Was Julius Robert Oppenheimer a Soviet spy? A forthcoming book by Jerrold Schecter and Leona Schecter, Sacred Secrets: How Soviet Intelligence Operations Changed America provides newly discovered documents that suggest this is the case. Here is a discussion of the existing evidence what this new book adds as evidence:
It is in this atmosphere of denunciation and counteraccusation that the Schecters have turned up another smoking gun, and reproduced it in Sacred Secrets: How Soviet Intelligence Operations Changed American History. This time it is a five-paragraph memo from Merkulov to Lavrenti Beria, dated Oct. 2, 1944, on "the state of work on the problem of uranium and its development abroad using the contacts of Comrade Zarubin and Kheiffets." It confirmed that in 1942 Oppenheimer, as an unlisted member of the Communist Party, "informed us about the beginning of work" on a U.S. atomic bomb and then "he provided cooperation in access to research for several of our tested sources, including a relative of Comrade Browder."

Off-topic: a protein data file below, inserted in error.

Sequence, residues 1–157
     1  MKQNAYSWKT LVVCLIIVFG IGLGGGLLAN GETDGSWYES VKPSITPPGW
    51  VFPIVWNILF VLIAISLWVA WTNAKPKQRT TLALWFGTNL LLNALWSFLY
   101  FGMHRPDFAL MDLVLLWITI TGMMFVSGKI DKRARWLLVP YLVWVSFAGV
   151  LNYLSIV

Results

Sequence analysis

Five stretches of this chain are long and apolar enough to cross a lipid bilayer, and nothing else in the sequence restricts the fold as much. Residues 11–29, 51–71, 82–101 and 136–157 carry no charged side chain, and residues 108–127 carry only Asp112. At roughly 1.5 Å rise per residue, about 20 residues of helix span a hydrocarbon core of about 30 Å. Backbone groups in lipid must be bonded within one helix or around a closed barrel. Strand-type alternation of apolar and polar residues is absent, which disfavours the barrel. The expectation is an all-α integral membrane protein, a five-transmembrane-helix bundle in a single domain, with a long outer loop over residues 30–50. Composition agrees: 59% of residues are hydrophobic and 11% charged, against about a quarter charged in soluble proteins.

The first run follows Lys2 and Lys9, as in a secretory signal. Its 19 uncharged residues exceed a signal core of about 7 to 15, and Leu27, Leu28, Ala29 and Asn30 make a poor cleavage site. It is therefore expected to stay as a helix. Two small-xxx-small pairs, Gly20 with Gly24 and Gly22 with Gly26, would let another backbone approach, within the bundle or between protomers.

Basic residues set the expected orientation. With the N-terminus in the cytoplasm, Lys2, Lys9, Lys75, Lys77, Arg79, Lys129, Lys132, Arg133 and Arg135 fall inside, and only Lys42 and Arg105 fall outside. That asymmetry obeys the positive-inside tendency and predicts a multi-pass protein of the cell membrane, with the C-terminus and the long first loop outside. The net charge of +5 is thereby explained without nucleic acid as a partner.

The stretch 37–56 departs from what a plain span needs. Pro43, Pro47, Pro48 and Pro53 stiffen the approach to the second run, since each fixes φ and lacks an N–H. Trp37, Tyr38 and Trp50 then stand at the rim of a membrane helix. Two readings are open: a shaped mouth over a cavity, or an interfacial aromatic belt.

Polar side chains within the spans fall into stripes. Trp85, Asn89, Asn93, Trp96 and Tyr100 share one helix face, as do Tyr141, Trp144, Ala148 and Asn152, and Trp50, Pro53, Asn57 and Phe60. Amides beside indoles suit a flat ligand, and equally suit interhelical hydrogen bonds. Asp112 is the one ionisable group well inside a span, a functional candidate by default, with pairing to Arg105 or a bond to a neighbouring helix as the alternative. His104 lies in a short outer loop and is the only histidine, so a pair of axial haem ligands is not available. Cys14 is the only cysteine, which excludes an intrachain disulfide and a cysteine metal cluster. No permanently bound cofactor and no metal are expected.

The memo concluded with the advice that "it is expedient to immediately sever contacts of leaders and activists of the American Communist Party with scientists and specialists engaged in work on uranium," giving three reasons: the dissolution of the Comintern, operational difficulties in the United States and the "explanations of Comrade Zarubin and Kheiffets on the Vasili Mironov affair."
The author of this article is also author of The Crown Jewels: The British Secrets at the Heart of the KGB Archives. Other related books include Venona: Decoding Soviet Espionage in America and also The Haunted Wood: Soviet Espionage in America- -The Stalin Era.
|Share |||By Randall Parker at 2002 October 10 01:34 AM|